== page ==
Nearly four years after she busted out of town and broke big-time, Erykah Badu returns--unbowed, unbroken, and somehow, unchanged. It seems the revolution she began in February 1997, when Baduizm sold in the millions and "On & On" played on and on every time you switched on MTV, has yet to take hold of the revolutionary. When you're three albums into a career and Album Two is a live redo of Album One while Album Three contains a redo of the Hit Single from Album One, you're in trouble. So this is what writer's block sounds like. The "definitive" (so says the Motown bio) has become the derivative, and it makes little difference that Badu is self-plagiarizing; the last thing the world needs is a third version of "On & On," especially when it ain't as good as the first, uh, two.
Then you've got to appreciate the difficulty of her position: Three years ago, she was the lone funk soul (earth) mother, Billie Holiday by way of Stevie Wonder by way of D'Angelo by way of every soul record made in the 1970s. She was it only a moment ago--the high priestess of incense soul, a role model to little girls and grown women who idolized the sound and embraced the look. The debut was so light to the touch, you wanted to date it; it soothed the soul, warmed the heart, quickened the pulse. Baduizm embraced the entirety of black music's history and still came out sounding so wonderfully pop. But now that she's part of the Motown family, home to the artists who most influenced Badu, she's but one of a dozen women stirring the soul for audiences who light their bongs with hip-hop torch songs. Hate to mention it, but Macy Gray, Jill Scott, Angie Stone, and a whole bunch of other chicks with discs sitting in the to-listen-to pile sort of render Badu a moot point at this late date. (And this isn't even counting Lauryn Hill, whose album I dug...till I listened to it, anyway.)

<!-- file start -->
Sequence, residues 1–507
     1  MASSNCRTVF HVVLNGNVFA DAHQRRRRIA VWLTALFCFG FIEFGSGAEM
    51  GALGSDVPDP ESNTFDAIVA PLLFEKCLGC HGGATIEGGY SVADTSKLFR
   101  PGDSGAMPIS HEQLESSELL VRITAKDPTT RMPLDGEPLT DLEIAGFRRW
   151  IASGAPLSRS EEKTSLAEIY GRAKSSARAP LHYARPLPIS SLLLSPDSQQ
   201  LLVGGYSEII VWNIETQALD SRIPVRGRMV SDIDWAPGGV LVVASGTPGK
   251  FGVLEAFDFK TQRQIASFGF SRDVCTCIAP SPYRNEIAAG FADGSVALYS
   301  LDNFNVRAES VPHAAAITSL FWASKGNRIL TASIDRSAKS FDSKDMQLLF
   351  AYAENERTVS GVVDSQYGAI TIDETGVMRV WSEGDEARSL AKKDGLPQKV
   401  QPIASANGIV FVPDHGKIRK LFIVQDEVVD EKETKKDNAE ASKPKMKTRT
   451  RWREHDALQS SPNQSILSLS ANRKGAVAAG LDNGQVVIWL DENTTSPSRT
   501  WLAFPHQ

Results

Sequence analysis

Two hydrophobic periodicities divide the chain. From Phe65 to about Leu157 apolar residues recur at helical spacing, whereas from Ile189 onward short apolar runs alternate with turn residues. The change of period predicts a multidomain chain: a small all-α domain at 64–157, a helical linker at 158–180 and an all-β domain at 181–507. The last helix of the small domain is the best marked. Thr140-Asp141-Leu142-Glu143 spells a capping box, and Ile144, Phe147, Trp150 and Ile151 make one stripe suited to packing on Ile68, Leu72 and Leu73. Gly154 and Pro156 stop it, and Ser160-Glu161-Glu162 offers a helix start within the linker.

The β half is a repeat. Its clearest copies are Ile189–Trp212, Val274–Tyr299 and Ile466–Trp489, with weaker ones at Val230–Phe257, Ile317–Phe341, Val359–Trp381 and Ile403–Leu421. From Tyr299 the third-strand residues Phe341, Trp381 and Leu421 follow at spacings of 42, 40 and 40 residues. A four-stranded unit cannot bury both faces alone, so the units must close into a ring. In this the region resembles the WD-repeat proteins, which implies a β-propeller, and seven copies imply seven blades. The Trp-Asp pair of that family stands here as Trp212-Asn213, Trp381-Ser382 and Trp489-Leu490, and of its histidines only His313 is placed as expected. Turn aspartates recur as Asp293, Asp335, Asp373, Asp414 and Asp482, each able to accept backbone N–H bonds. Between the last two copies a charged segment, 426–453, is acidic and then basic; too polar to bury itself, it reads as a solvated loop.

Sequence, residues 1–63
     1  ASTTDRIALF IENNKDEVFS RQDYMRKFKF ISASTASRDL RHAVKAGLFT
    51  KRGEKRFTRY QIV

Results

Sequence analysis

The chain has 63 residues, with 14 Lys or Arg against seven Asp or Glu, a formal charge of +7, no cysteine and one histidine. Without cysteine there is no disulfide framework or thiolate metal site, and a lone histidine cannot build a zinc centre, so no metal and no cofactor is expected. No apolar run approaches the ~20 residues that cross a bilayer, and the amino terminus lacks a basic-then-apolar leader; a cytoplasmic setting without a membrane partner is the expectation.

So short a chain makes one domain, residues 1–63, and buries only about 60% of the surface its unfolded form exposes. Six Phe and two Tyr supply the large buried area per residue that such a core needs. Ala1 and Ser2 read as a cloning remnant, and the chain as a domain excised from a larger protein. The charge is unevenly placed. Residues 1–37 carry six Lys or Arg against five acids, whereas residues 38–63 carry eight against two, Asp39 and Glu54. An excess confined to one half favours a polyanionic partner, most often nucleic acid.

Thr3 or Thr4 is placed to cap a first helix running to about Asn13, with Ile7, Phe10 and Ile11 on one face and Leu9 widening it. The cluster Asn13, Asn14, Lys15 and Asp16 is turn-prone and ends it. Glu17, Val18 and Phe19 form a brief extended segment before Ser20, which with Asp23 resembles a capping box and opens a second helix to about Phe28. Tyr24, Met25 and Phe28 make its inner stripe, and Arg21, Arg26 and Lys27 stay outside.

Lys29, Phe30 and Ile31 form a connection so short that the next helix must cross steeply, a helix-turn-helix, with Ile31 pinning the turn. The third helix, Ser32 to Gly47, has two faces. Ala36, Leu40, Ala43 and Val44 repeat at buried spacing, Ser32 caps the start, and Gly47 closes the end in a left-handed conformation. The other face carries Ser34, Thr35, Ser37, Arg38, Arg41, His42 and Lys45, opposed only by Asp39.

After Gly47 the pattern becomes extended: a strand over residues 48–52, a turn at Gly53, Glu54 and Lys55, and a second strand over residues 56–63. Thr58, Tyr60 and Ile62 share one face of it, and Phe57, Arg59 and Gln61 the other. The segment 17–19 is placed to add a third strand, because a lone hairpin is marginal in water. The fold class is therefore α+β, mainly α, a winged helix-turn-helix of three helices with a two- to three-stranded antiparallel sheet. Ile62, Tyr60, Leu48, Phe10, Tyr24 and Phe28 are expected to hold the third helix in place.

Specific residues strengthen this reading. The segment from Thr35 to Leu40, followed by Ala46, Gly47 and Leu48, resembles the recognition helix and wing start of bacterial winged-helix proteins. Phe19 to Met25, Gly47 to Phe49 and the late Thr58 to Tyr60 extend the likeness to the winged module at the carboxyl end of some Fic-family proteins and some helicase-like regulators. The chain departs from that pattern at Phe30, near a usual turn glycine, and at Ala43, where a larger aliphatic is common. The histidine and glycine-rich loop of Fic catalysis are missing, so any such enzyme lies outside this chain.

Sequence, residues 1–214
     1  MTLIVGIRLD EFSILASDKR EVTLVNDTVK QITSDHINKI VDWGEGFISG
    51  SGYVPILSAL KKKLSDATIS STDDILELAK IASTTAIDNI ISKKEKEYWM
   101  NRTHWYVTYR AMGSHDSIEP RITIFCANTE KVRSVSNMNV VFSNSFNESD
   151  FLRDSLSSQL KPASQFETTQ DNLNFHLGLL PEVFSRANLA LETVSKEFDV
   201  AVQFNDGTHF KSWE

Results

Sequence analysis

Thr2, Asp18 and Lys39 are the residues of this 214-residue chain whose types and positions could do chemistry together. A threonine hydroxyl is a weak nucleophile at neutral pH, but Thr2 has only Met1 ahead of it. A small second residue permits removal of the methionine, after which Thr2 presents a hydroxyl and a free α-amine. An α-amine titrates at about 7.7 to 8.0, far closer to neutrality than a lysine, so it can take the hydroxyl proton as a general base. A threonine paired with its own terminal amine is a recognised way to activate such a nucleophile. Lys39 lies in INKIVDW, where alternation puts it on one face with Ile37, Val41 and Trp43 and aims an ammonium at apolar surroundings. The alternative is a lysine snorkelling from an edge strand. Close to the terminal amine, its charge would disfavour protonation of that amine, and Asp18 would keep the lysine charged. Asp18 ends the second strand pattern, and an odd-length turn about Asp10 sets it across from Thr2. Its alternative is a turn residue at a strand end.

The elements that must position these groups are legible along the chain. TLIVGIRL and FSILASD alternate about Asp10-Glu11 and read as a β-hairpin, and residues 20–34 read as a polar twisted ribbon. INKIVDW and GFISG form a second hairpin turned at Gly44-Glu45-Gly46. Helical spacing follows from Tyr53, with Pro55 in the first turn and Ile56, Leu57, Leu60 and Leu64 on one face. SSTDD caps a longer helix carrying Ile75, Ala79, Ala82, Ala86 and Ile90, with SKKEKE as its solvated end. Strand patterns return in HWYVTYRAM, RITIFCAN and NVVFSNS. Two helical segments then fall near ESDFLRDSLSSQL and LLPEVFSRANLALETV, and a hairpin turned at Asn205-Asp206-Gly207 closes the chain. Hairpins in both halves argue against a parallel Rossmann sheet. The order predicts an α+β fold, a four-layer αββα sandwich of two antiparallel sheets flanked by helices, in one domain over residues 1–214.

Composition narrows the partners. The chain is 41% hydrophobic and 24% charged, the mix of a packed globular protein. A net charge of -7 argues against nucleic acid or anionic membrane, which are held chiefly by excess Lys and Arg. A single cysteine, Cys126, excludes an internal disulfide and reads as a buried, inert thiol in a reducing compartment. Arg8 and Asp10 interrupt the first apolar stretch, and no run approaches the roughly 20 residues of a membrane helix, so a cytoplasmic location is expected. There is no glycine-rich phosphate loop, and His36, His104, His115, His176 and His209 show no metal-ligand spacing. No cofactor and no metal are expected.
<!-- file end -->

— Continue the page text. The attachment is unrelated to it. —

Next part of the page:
Badu tries to get funky ("Ya got sugar on your pita," she coos, "but your nigga thinks I'm sweeter"), but nothing comes between me and my Macy; "Sex-O-Matic Venus Freak" is a better turn-on, and come to think of it, Scott's "Gettin' in the Way" is a better kiss-off than anything Badu has to offer. Maybe she should have spent less time guesting on everyone else's joints (Guru, The Roots, One Life to Live) and popping up on every other soundtrack (Hav Plenty, Bamboozled...and Blues Brothers 2000, good God) and spent more time, oh, making movies (have you seen her in The Cider House Rules?). Mama's Gun isn't a bad record; it's just not much of a record at all--more like one loooooong groove that turns into one loooooong song. There's no release and no tension, only slack grooves that made the second half of the disc seem to last forever. Then, longer.
The album's opening cut, "Penitentiary Philosophy," is a tease, Sly and the Angie Stone; it builds from muffled, chatting whispers into a full-throated holler, until the clavinet and Rhodes pump up the volume and it sounds like there's a riot going on. It hints at a direction the record never takes, rough and tough, and it's frustrating--so much wasted potential. But maybe that's because Badu doesn't have terribly much to say; her short stories have become short sentences. Even the disc's second cut, "Didn't Cha Know," seems to wave the white flag of surrender: "I'm trying to decide which way to go/Think I made a wrong turn back there/Somewhere." A dozen listens in, and Mama's Gun doesn't pack the same soft punch of its studio predecessor. Which is a shame, since she's trying, dang it, to offer up something meaningful for these mediocre times--letting the girls know it's OK to go plain and get old ("Cleva," which isn't for long) or letting them in on the dark secrets of growing up ("...& On," in which Badu recalls getting her period and those childhood days when she felt "inferior"). Then you get to the part about how love will save the bag lady and how Erykah's eyes are green because she eats a lot of vegetables, and it's time to toss out Mama's Gun and reload.